Spielbergs West Side Story is an undeniable success

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If you’re one of the latter, here’s a recap: with music from Leonard Bernstein, lyrics from the late, great Stephen Sondheim and a plot from the very late and very great William Shakespeare, West Side Story tells the story of star-crossed lovers meeting in the slums of 1950s New York. Here, Tony (Ansel Elgort), an ex-member of the all-white Jets, falls for Maria (Rachel Zegler), little sister of the leader of Puerto Rican gang the Sharks.

The look of the film is classic musical Technicolor. But the most noticeable difference is the energy of the camera. As the talented young cast click their fingers and swirl their skirts, Spielberg joins in the dance.

The highlight is America, here moved to the second half of the film, and the original night-time rooftop setting becomes daytime New York, giving Maria’s flatmate Anita (a brilliant Ariana DeBose) and the female dancers a chance to reclaim the streets from the warring male gangs.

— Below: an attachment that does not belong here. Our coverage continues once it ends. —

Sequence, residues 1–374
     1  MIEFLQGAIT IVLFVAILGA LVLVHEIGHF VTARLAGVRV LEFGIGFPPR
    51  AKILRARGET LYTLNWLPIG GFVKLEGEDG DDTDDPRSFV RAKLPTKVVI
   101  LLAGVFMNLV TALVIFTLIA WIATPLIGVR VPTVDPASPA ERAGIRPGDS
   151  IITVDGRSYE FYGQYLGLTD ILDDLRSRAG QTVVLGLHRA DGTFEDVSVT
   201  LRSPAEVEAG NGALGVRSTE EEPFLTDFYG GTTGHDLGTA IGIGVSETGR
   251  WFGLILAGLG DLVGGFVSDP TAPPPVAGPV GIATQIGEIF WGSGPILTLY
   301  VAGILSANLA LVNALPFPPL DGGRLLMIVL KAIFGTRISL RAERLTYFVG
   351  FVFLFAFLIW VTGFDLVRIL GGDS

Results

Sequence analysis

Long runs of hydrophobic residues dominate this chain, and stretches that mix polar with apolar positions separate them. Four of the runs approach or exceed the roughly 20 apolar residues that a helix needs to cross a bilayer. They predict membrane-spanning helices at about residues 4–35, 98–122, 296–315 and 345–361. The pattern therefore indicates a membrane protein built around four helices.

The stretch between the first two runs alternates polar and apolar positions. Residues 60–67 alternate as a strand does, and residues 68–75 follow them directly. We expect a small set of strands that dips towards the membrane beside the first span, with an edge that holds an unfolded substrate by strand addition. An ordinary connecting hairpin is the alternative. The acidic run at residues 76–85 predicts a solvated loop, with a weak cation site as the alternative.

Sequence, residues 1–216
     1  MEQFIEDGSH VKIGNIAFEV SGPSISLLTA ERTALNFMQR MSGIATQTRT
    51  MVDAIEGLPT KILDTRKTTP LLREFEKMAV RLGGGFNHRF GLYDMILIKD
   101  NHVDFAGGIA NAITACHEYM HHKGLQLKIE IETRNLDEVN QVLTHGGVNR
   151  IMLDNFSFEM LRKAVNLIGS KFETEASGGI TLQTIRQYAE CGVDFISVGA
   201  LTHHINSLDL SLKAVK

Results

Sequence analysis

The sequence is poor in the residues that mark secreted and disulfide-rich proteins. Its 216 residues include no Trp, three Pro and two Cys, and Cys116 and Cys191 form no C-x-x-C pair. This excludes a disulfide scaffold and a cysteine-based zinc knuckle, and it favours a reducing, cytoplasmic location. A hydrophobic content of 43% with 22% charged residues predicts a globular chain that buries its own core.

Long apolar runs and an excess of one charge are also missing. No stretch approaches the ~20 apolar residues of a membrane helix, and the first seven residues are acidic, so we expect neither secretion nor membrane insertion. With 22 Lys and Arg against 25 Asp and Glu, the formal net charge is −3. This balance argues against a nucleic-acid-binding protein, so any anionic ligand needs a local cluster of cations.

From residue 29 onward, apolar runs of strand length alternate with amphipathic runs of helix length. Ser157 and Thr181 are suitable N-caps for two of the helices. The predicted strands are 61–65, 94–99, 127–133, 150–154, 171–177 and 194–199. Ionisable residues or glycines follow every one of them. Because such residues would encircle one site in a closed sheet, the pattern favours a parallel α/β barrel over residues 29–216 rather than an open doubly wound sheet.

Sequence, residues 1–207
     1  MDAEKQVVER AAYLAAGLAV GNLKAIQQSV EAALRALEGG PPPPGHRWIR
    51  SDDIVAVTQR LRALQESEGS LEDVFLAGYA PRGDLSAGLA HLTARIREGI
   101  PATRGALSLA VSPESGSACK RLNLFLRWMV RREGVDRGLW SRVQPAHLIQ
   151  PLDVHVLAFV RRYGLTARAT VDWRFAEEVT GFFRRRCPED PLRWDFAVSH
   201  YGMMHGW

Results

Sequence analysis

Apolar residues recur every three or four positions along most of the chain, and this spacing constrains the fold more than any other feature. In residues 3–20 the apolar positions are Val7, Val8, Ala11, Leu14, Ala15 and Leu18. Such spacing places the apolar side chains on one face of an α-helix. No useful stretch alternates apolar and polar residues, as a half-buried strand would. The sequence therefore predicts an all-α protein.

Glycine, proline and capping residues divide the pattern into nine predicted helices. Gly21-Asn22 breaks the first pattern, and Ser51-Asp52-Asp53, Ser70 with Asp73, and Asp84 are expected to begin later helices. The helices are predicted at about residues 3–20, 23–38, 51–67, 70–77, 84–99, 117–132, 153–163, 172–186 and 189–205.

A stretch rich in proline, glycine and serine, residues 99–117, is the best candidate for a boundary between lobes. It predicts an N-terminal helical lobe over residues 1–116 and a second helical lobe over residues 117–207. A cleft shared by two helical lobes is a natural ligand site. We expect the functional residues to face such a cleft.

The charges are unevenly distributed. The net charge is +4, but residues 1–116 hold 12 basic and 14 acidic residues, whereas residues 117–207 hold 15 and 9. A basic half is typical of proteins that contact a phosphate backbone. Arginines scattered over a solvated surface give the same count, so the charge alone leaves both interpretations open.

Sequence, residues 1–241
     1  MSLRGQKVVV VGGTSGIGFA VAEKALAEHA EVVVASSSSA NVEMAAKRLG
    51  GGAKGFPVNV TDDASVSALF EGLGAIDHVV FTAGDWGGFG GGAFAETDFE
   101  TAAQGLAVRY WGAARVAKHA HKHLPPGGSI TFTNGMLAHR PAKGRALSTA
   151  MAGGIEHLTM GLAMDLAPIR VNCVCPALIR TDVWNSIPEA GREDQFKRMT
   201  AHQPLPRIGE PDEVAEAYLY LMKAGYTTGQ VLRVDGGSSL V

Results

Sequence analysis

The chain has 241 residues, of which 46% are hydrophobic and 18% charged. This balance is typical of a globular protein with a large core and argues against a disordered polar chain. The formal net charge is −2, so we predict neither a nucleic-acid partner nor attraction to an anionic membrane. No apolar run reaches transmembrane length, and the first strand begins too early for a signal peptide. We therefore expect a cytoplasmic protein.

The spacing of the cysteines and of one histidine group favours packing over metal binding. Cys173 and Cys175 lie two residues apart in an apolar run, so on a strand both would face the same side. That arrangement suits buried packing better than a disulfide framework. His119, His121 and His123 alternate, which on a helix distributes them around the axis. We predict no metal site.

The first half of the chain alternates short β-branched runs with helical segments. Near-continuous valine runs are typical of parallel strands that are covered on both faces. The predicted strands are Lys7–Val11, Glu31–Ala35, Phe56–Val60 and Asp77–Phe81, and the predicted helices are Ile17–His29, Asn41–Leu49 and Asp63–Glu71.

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Rita Moreno, who played Anita in the original, has a new role as shopkeeper Valentina and a chance to turn Somewhere, conceived as a touching love song for Maria and Tony, into a sad lament from a disillusioned old-timer.

It’s an intriguing tweak but the love story needed all the help it could get.

Zegler is a vast improvement on a dubbed, browned-up Natalie Wood but Elgort is an underwhelming Tony.

He can hold a tune but never convinces as a charismatic gang leader with a violent past.

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